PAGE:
business of registering other people's bets and taking a commission on
them; he was known as a daring but successful promoter, and he had a
visible ownership in steamships and railways, and projected such vast
operations as draining the Jersey marshes. If he had been a citizen of
Italy he would have attacked the Roman Campagna with the same confidence.
At any rate, he made himself so much felt and seemed to command so many
resources that it was not long before he forced his way into the Stock
Exchange and had a seat in the Board of Brokers. He was at first an odd
figure there. There was something flash about his appearance, and his
heavy double watch-chain and diamond shirt-studs gave him the look of an
ephemeral adventurer. But he soon took his cue, the diamonds
disappeared, and the dress was toned down. There seemed to be two models
in the Board, the smart and neat, and the hayseed style adopted by some
of the most wily old operators, who posed as honest dealers who retained
their rural simplicity. Mr. Ault adopted a middle course, and took the
respectable yet fashionable, solid dress of a man of affairs.
There is no other place in the world where merit is so quickly recognized
as in the Stock Exchange, especially if it is backed by brass and a good
head. Ault's audacity made him feared; he was believed to be as
unscrupulous as he was reckless, but this did not much injure his
reputation when it was seen that he was marvelously successful. That
Ault would wreck the market, if he could and it was to his advantage, no
one doubted; but still he had a quality that begot confidence. He kept
his word. Though men might be shy of entering into a contract with Ault,
they learned that what he said he would do he would do literally. He was
not a man of many words, but he was always decided and apparently open,
and, as whatever he touched seemed to thrive, his associates got the
habit of saying, "What Ault says goes."
Murad Ault had married, so it was said, the daughter of a boarding-house
keeper on the dock. She was a pretty girl, had been educated in a
convent (perhaps by his aid after he was engaged to marry her), and was a
sweet mother to a little brood of charming children, and a devout member
of her parish church. Those who had seen Mrs. Ault when her carriage
took her occasionally to Ault's office in the city were much impressed by
her graceful manner and sweet face, and her appearance gave Ault a sort
of anchorage in the region of respectability. No one would have accused
Ault of being devoted to any special kind of religious worship; but he
was equally tolerant of all religions, and report said was liberal in his
wife's church charities. Besides the fact that he owned a somewhat
pretentious house in Sixtieth Street, society had very little knowledge
It was, however, undeniable that he was a power in the Street. No other
man's name was oftener mentioned in the daily journals in connection with
some bold and successful operation. He seemed to thrive on panics, and
to grow strong and rich with every turn of the wheel. There is only one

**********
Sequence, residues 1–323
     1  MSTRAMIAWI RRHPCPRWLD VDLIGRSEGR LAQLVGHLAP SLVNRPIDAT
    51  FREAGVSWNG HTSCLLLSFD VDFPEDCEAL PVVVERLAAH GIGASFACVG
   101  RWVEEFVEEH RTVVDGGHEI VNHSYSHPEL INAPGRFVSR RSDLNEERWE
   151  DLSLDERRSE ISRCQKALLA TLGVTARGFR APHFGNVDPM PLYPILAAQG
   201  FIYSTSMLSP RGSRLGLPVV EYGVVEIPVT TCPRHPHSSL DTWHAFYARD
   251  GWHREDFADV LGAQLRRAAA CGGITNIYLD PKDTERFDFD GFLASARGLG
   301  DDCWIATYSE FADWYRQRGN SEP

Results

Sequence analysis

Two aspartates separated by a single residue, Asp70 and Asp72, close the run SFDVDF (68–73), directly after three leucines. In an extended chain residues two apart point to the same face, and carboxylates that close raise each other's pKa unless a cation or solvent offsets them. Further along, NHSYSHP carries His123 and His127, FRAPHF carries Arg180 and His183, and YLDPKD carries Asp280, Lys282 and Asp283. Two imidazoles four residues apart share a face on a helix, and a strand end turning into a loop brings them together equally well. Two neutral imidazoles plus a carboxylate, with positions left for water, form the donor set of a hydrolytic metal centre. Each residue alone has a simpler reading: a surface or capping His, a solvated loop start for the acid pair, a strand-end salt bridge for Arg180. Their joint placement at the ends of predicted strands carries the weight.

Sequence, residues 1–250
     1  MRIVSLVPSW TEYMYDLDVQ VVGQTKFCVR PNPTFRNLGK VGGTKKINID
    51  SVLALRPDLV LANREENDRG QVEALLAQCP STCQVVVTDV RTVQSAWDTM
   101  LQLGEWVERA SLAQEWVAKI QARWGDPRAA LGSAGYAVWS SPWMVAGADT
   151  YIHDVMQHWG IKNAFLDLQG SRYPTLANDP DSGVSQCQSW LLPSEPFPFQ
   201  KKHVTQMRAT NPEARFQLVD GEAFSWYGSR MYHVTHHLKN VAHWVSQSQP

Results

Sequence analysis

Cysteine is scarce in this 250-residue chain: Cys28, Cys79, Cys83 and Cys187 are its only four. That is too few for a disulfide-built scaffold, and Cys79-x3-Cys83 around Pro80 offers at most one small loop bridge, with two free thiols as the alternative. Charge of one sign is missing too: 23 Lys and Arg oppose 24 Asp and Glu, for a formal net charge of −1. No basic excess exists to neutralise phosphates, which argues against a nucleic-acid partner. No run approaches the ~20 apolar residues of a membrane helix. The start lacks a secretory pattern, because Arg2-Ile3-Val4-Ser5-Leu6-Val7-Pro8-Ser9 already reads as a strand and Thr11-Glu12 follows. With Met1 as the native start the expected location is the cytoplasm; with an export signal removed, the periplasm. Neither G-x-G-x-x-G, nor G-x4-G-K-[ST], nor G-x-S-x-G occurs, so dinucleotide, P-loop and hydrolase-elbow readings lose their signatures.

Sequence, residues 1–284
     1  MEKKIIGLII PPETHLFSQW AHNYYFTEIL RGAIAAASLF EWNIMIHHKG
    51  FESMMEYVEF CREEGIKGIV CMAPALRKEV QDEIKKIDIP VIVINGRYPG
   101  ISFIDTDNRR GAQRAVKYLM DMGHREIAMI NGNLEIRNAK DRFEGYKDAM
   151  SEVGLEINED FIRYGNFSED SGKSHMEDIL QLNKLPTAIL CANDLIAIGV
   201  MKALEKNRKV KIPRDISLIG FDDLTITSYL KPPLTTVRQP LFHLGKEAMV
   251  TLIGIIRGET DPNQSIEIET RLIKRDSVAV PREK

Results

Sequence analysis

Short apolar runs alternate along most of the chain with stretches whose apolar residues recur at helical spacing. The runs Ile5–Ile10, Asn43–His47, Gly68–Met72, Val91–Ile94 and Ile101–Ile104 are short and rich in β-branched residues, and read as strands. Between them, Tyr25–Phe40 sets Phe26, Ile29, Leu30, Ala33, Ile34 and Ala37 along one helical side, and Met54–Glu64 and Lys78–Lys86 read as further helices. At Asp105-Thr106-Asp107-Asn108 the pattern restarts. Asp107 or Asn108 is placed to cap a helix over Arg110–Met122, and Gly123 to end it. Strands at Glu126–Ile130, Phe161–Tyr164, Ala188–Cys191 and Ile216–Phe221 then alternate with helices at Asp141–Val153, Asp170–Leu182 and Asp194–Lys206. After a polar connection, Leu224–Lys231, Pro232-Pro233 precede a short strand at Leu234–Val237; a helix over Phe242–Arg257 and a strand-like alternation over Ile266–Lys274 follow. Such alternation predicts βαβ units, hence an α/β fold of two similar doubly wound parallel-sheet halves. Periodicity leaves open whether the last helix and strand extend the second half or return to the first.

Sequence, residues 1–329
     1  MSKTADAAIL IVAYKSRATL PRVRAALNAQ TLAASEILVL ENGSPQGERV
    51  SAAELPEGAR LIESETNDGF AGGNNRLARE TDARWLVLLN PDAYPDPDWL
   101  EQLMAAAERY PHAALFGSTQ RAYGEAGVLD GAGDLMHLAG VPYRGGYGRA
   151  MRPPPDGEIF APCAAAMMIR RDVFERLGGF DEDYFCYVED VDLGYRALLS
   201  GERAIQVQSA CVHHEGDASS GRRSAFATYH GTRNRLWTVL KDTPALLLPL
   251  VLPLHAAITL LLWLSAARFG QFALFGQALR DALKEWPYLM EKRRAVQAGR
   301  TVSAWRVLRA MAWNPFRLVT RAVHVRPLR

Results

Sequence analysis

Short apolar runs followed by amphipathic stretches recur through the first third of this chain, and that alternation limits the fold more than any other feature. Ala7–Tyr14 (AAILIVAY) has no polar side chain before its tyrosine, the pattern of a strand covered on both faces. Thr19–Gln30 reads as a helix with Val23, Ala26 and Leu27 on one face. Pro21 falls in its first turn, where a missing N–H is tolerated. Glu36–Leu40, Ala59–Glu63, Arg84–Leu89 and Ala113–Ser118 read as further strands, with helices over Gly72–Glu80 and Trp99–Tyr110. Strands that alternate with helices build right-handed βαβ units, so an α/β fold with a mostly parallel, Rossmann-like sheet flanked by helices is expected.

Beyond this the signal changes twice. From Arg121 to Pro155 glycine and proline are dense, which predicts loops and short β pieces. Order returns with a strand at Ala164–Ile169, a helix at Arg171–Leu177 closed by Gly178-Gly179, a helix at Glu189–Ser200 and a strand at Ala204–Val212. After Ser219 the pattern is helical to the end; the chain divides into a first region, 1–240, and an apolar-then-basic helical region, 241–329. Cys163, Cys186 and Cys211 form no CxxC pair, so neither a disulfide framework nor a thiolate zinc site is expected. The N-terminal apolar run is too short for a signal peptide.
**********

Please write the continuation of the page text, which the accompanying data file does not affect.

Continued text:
stock expression in America for a man who is very able and unscrupulous,
and carries things successfully with a high hand—he is Napoleonic. It
needed only a few brilliant operations, madly reckless in appearance but
successful, to give Ault the newspaper sobriquet of the Young Napoleon.
"Papa, what does he mean?" asked the eldest boy. "Jim Dustin says the
papers call you Napoleon."
"It means, my boy," said Ault, with a grim smile, that I am devoted to
your mother, St. Helena."
"Don't say that, Murad," exclaimed his wife; I'm far enough from a saint,
and your destiny isn't the Island."
"What's the Island, mamma?"
"It's a place people are sent to for their health."
"In a boat? Can I go?"
"You ask too many questions, Sinclair," said Mr. Ault; "it's time you
were off to school."
There seems to have been not the least suspicion in this household that
the head of it was a pirate.
It must be said that Mavick still looked upon Ault as an adventurer, one
of those erratic beings who appear from time to time in the Street, upset
everything, and then disappear. They had been associated occasionally in
small deals, and Ault had more than once appealed to Mavick, as a great
capitalist, with some promising scheme. They had, indeed, co-operated in
reorganizing a Western railway, but seemed to have come out of the
operation without increased confidence in each other. What had occurred
nobody knew, but thereafter there developed a slight antagonism between
the two operators. Ault went no more to consult the elder man, and they
had two or three little bouts, in which Mavick did not get the best of
it. This was not an unusual thing in the Street. Mr. Ault never
expressed his opinion of Mr. Mavick, but it became more and more apparent
that their interests were opposed. Some one who knew both men, and said
that the one was as cold and selfish as a pike, and the other was a most
unscrupulous dare-devil, believed that Mavick had attempted some sort of
a trick on Ault, and that it was the kind of thing that the Spaniard (his
complexion had given him this nickname) never forgot.
It is not intended to enter into a defense of the local pool known as the
New York Stock Exchange. It needs none. Some regard it as a necessary